Immunization with the heptavalent pneumococcal conjugate vaccine in Bangladeshi infants and effects of zinc supplementation

Saskia J.M. Osendarp, Hari Prabhakar, George J. Fuchs, Joop M.A. van Raaij, Hasan Mahmud, Fahmida Tofail, Mathuram Santosham, Robert E. Black

Research output: Contribution to journalArticlepeer-review

29 Scopus citations


Background: Zinc deficiency is known to impair immunologic functions. However, the effect of zinc supplementation on immune response to polysaccharide vaccines is not known. Objective: To determine the immunogenicity of the heptavalent Pneumococcal protein conjugate (PNC) vaccine in poor Bangladeshi infants and to assess the effect of zinc supplementation on immune response to the PNC vaccine. Design: We immunized a sub-cohort of 241 infants who had previously received three doses of a Hib conjugate vaccine with three doses of the heptavalent PNC vaccine at 4 weeks intervals beginning at 18 ± 1 weeks of age. The infants were supplemented with daily 5 mg zinc or placebo from 4 to 33 weeks of age. Response to each of the seven PNC serotypes were assessed at 4, 24 and 33 weeks of age. Results: After three doses of PNC, at 29 weeks of age, geometric mean titres for the pneumococcal serotypes ranged from 3.68 to 13.34 μg/ml. Titres were significantly higher for infants who had received PNC compared to infants who had only received DTP-Hib. Zinc supplementation resulted in higher titres for serotype 9V (4.09 μg/ml; [95% CI: 3.27; 5.10] and 3.33 μg/ml; [95% CI: 2.79; 3.96] for zinc and placebo group, respectively; p < 0.05) after three doses but had no effect on other serotypes. Conclusions: A heptavalent PNC vaccine proved to be safe and immunogenic in Bangladeshi infants. Zinc supplementation enhanced the immune response to only one of the serotypes (9V). However, there was no effect on other serotypes.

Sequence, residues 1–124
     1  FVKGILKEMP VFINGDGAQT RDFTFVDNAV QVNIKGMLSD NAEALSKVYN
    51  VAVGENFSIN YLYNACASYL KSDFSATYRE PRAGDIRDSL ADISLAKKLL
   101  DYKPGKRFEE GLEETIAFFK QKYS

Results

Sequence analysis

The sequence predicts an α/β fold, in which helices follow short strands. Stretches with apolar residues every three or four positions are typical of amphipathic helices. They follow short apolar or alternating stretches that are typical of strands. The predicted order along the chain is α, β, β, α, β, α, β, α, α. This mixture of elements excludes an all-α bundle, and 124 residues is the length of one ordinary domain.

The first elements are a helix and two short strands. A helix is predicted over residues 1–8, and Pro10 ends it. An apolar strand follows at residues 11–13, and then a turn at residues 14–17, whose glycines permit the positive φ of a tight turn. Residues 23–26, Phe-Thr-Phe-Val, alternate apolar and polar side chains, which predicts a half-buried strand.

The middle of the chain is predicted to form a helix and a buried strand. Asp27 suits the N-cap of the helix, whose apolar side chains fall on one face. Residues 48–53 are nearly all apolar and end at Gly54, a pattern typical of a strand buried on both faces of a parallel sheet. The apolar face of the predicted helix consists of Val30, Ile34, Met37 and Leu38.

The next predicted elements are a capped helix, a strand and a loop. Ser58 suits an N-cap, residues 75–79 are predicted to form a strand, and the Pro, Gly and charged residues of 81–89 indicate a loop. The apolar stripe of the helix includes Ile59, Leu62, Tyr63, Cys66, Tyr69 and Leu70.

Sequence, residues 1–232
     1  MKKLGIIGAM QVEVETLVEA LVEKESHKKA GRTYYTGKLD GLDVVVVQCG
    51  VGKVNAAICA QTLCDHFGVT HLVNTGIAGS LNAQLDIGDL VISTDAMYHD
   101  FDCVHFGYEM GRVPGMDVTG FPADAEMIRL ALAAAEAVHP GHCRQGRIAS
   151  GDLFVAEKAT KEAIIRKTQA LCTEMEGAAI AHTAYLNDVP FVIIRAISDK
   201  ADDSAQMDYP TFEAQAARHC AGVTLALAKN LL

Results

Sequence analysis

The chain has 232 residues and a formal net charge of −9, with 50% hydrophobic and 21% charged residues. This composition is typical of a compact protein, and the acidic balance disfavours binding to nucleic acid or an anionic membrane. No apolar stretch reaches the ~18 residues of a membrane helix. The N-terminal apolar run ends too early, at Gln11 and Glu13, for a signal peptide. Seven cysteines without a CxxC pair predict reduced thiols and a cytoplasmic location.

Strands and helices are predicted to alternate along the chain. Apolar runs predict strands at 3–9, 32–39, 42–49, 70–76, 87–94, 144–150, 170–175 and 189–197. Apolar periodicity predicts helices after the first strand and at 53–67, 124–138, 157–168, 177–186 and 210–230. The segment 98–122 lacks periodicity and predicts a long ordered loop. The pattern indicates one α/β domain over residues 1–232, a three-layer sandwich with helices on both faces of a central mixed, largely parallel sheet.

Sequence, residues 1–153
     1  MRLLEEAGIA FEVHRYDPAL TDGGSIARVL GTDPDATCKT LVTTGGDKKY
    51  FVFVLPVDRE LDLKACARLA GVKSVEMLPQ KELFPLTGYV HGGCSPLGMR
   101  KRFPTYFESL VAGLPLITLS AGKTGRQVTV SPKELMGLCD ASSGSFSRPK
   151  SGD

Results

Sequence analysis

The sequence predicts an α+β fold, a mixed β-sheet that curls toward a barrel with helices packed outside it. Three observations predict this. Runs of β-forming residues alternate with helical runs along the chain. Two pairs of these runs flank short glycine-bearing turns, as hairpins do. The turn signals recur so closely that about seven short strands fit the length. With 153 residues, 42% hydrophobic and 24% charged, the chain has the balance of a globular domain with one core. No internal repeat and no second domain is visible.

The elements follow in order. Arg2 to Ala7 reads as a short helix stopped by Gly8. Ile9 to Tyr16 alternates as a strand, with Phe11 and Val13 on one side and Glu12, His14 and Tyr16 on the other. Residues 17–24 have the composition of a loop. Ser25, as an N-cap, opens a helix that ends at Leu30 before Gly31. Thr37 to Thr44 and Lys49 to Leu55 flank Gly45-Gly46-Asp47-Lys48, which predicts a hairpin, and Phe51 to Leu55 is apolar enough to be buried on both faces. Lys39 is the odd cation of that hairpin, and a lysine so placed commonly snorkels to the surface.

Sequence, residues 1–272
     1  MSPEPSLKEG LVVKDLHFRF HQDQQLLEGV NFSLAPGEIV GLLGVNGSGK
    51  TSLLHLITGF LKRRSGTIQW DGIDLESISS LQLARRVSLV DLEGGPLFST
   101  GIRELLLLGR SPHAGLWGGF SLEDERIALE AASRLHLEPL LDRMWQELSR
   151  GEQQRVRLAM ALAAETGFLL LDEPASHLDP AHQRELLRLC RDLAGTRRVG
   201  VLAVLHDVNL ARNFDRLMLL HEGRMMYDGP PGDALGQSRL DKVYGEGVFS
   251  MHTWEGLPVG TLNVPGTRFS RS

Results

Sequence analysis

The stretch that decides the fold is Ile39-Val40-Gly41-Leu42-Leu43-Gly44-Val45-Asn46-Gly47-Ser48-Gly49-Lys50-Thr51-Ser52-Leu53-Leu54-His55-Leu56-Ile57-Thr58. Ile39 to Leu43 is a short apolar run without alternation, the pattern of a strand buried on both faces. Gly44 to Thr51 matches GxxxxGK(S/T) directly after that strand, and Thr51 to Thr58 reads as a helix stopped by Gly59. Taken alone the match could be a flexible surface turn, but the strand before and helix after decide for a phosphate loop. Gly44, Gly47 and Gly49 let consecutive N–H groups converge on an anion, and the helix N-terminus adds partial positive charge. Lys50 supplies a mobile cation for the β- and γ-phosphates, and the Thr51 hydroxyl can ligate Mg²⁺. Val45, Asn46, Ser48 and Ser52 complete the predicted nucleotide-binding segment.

Original languageEnglish
Pages (from-to)3347-3354
Number of pages8
Issue number17
StatePublished - Apr 30 2007

Bibliographical note

Funding Information:
We greatly appreciate the sincere collaboration of all mothers and their infants involved in this study and the work of our dedicated field staff. Gary Darmstadt and David Sack were kind enough to hand carry samples to the US for analysis. This study was conducted at ICDDR, B: Centre for Health and Population Research with the support of grants from the Johns Hopkins Family Health and Survival Cooperative Agreement with USAID, the Royal Netherlands Government (Activity number: RISC, BD009602) and from Wyeth Lederle Vaccines, NY, USA. ICDDR, B acknowledges with gratitude the commitments of USAID, the Royal Netherlands Government and Wyeth Lederle Vaccines to the Centre's research efforts.


  • Developing countries
  • Immune response
  • Infants
  • Pneumococcal conjugate vaccine
  • Zinc supplementation

ASJC Scopus subject areas

  • Molecular Medicine
  • General Immunology and Microbiology
  • General Veterinary
  • Public Health, Environmental and Occupational Health
  • Infectious Diseases


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